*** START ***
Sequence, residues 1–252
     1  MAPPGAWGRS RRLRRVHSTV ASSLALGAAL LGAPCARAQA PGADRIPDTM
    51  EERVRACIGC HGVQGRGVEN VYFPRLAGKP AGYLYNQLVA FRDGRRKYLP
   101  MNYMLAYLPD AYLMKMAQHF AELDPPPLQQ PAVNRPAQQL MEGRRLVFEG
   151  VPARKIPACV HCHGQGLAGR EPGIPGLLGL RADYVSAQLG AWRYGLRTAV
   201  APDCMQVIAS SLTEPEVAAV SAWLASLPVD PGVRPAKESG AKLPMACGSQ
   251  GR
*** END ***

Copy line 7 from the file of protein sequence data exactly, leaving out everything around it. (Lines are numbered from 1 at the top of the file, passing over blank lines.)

   251  GR